My potential roommate and I planned to lease a flat for the last of our university time. However he plans to live in the flat even between semesters (not returning home) so that he can get a job to pay for his rent. My issue how much he can afford, since I did not know about his financial situation. The places that are within that range, seem extremely questionable, but if we were to split the rent then we could live in a slightly nicer place (not that much nicer).

I think this should have been mentioned before seriously asking to be roommates, I feel extremely guilty to turning him down knowing his situation and to be fair I did ask first (without knowing this).

Update: sorry for not clarifying, I don't want to live with my roommate because I wish to stay in a nicer place, also we would have to worry about furniture as the places he has looked at are not furnished and may/maynot have a functional kitchen. Also I am far from home and without a car. The area where most of these flats are located are not safe, many robberies and shooting have happened in some of the neighborhoods. It's not that I don't want to pay rent over between semester, I just wanted to give a reason for needing a low rent, where as my situation is more flexible.

Update 2: I assumed that if he was able to cover dorm fees then we could find a reasonable place. I have another friend who was in a similar situation they found a wonderful place that caters to students and I was hoping to live there as well, but that place is over budget as well. I asked about how much flexibility he has and he is set on what he can afford. I did some digging and found a couple of places that might be decent, up to date on fire/safety codes/ within budget, but now he just shuts me down cause he's not in the mood to talk. Yes I've offend him, but I did try.

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    Welcome to IPS! To make sure I understand the question correctly, you want to turn down your roommate because you are afraid he won't be able to pay the rent? Did you talk about this with him before decided to turn him down? If no, why not? If yes, what did he said?
    – Ael
    Commented Nov 1, 2018 at 6:57
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    Do you already know that he can’t afford the standard of accommodation you’d like, or is it a guess at this stage? Working during the holidays seems a reasonable way for a student to raise his own funds. Is the issue that you don’t want to pay any rent at all during the holidays, or that you want a nicer place (or both)?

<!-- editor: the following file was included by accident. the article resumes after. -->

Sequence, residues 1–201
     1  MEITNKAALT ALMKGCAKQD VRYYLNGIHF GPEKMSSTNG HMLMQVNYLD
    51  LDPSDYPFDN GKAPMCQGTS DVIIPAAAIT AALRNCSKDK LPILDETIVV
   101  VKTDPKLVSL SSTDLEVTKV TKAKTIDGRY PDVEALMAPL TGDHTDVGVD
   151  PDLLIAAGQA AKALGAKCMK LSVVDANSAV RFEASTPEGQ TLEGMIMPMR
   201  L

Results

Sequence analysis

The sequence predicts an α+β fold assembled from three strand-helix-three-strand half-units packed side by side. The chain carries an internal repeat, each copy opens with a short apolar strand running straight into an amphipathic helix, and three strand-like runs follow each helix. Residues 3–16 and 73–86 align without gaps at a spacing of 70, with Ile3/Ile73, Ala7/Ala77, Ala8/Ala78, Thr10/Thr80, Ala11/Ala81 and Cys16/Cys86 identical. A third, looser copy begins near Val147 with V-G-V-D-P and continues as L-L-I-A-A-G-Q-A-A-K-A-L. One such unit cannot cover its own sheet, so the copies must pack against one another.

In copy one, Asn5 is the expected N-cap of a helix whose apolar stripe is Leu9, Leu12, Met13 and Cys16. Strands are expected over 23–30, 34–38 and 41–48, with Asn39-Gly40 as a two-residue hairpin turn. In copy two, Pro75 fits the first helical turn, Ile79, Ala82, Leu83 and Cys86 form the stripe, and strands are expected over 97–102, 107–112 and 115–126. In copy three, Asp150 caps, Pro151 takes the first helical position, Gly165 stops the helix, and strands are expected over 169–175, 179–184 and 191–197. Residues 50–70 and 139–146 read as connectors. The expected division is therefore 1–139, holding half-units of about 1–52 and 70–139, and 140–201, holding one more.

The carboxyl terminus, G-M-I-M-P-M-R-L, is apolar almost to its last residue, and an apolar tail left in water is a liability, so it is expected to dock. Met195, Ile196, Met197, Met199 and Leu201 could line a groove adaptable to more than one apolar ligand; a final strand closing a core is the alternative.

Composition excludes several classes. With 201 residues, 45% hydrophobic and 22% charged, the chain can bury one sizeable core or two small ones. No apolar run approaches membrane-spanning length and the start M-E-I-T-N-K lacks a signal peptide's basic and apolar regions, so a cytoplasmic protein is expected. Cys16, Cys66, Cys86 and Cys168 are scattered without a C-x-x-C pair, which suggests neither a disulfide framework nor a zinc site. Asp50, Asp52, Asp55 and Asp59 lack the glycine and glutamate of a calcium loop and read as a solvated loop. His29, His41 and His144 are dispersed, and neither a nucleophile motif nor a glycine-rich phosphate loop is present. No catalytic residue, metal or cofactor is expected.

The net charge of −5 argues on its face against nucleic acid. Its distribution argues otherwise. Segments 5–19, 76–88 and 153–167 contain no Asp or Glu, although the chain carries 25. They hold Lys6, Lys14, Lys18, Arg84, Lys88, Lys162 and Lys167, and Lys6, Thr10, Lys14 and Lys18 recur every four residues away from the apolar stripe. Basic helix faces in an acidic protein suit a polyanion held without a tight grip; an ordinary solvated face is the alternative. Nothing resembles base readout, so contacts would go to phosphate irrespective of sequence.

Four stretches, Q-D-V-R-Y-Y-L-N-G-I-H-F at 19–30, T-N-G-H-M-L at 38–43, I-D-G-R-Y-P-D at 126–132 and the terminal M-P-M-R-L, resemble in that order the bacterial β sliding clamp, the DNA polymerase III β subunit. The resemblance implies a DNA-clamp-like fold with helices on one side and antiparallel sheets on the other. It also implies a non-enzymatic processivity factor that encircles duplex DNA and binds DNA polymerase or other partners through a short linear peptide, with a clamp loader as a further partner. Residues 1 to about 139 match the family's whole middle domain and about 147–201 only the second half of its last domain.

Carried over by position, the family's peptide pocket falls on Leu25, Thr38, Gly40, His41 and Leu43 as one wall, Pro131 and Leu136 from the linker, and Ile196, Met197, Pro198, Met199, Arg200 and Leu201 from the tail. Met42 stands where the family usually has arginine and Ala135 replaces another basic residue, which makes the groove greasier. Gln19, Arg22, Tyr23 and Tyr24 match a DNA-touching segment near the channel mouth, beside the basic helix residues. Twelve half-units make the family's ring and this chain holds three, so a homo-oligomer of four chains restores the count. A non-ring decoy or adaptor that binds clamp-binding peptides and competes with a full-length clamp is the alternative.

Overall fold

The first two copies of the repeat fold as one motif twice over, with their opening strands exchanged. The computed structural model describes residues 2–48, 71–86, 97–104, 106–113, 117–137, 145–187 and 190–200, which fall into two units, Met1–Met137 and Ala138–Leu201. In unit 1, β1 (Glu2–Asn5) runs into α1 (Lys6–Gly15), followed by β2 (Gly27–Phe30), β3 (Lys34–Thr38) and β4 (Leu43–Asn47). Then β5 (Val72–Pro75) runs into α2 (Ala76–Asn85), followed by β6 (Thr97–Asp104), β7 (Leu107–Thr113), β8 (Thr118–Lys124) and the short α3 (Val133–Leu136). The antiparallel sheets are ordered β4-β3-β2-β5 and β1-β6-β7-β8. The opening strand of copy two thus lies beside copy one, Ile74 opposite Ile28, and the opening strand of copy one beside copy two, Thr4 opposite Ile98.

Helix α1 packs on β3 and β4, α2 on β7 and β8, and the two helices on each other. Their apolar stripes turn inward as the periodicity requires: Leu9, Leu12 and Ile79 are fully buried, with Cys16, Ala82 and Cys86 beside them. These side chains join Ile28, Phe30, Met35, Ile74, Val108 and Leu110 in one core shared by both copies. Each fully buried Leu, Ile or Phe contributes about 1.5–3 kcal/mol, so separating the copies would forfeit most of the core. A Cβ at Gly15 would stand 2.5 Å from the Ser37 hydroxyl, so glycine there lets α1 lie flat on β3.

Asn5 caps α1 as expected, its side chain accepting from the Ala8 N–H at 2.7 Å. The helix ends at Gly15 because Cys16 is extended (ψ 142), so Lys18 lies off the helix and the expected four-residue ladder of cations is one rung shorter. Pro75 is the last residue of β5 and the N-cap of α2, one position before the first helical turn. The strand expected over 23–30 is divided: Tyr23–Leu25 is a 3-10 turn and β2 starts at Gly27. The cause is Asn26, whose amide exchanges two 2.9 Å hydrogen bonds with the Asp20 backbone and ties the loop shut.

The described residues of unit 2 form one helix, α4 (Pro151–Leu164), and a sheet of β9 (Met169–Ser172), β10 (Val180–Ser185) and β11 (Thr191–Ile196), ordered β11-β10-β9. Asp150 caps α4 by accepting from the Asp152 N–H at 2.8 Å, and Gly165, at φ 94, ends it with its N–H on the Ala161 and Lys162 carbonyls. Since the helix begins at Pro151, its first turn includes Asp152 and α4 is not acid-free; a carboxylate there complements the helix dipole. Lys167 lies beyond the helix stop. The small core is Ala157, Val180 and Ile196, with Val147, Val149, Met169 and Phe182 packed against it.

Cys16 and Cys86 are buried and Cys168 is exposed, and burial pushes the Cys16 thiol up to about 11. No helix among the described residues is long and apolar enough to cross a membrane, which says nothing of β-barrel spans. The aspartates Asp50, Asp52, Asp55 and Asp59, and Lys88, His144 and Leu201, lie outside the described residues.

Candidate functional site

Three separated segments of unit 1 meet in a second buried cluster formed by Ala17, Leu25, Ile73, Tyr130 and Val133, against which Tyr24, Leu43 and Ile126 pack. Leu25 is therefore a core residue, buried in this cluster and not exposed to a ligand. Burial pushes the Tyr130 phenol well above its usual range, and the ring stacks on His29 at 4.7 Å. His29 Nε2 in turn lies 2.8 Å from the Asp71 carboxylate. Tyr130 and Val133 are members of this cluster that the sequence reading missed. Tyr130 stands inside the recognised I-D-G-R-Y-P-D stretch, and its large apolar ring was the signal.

– Lawrence
    Commented Nov 2, 2018 at 12:08
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    Hello! I've removed the "relationships" tag from your question for the time being, because on our site that's used for romantic partners, and I don't think that's what you meant here. If I was mistaken, please do clarify and feel free to edit the appropriate tags :)
    – Em C
    Commented Nov 3, 2018 at 1:13

1 Answer 1


Financial reasons, unfortunately, is the number 1 reason for marriage (and even empires) to fail. <-- read this line again.

Back to your issue: if you feel your roommate will not be able to pay his rent then you should have an adult, open conversation about it with him.

Here's a potential script you can use:

John, I think we're jumping ahead of ourselves. We didn't factor properly the finance surrounding our new venture and I have reason to believe that we may fail here. Let me explain you why: The monthly rent is $XXX/month. I may need to break some of my savings in the event we I don't make it so I'm hedged here but I'm not sure how will it work for you. Honestly, I don't feel comfortable with this and I wonder, as your trustworthy roommate, if you can put some light into your strategy and see if your strategy is valid. Alternatively [propose a better solution].

If you don't have this conversation, it is very likely that instead of focusing on your studies, you will be wrapped up with stress and unnecessary awkward moments with him.

Planning is key.

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    The script is a great example, but would you mind editing in some explanation? For example, how did you come up with it, what are the critical points to include that make it "adult" and "open"? That way if this particular script doesn't fit quite right with OP's way of speaking, they can still understand the important elements present in it and craft their own version.
    – Em C
    Commented Nov 3, 2018 at 1:18

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